Current Issue - March/April 2024 - Vol 27 Issue 3


  1. 2024;27;149-159Neuropsychiatric Side Effects After Lumbosacral Epidural Steroid Injections: A Prospective Cohort Study
    Observational Study
    Suzanna Shermon, DO, John Maclean, BS, Richard Shim, BS, and Chong H. Kim , MD.

BACKGROUND: The central nervous system contains steroid receptors, particularly in the hypothalamic and limbic systems. These systems are responsible for driving certain emotions in humans, especially stress, anxiety, motivation, energy levels, and mood. Thus, corticosteroids may precipitate patients to experience these emotions. Most existing studies report neuropsychiatric side effects after oral or intravenous corticosteroids rather than epidural.

OBJECTIVES: This study examines the neuropsychiatric side effects after epidural steroid injections (ESIs), with a focus on whether certain factors in patients’ histories further exacerbate symptomatology.

STUDY DESIGN: Prospective observational cohort study.

SETTING: Fluoroscopy suite at an urban academic teaching hospital.

METHODS: Patients were called 24 hours and one week after their ESIs and asked if they experienced certain neuropsychiatric symptoms more than usual compared to baseline.

PATIENTS: Seventy-four patients undergoing a lumbosacral ESI (interlaminar (ILESI), caudal or transforaminal (TFESI)) were invited to take part in the study the day of his or her procedure.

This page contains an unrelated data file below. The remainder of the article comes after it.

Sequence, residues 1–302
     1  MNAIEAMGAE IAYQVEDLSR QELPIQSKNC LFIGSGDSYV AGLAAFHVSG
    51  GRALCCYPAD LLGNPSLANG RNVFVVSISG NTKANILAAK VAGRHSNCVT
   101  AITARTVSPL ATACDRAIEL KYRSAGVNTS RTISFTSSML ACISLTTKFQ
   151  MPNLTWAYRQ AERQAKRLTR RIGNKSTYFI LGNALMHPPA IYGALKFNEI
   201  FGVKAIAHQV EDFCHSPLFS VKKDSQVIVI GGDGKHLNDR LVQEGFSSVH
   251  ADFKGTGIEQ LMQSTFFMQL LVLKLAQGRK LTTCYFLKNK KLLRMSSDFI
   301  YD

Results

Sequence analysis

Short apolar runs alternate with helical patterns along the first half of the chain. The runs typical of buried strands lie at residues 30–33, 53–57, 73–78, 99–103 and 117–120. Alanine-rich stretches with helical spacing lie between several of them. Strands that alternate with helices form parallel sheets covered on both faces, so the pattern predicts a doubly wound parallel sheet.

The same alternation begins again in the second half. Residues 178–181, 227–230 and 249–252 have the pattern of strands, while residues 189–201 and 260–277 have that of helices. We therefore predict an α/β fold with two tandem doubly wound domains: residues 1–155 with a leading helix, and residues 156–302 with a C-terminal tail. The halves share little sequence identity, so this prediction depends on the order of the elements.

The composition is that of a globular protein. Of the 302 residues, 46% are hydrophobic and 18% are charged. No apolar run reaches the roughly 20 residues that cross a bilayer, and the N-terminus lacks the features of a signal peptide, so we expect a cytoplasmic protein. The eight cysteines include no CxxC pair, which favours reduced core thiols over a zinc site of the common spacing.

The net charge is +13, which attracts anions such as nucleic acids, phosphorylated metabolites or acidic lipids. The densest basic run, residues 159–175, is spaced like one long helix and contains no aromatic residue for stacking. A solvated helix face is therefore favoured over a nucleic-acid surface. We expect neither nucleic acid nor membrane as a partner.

INTERVENTION/MEASUREMENT: Assessed whether psychiatric history, gender, race, type of ESI, or the number of levels injected affected frequency and duration of neuropsychiatric symptoms at one day and one week after an ESI.

RESULTS: Significantly (P < 0.05) more patients with a psychiatric history experienced restlessness and irritability at day one than those without a psychiatric history. At week one, male gender (IRR 2.29, 95% CI 1.37, 3.83, P = 0.002), ILESI (IRR 7.75, 95% CI 1.03, 58.6, P = 0.047), and 2-level injections (IRR 2.14, 95% CI 1.13, 4.06, P = 0.019) were significantly associated to more total symptoms.

LIMITATIONS: Single center study, reliance on subjective responses from patients, lack of follow-up after one week post-ESI.

CONCLUSION(s): This study demonstrates that neuropsychiatric symptoms are rare overall after an ESI, though certain factors may influence patients experiencing these symptoms. Restlessness and irritability were more likely to occur one day after an ESI in those with a psychiatric history. Those who had a 2-level injection were more likely to keep experiencing most symptoms by week one, suggesting a possible correlation between corticosteroid dose and neuropsychiatric symptoms.
KEY WORDS: Epidural steroid injections, transforaminal epidural steroid injections, interlaminar epidural steroid injections, caudal epidural steroid injections, neuropsychiatric symptoms, restlessness, irritability, psychiatric history, anxiety, depression, dexamethasone, men, women, race, one-level epidural steroid injection, 2-level epidural steroid injection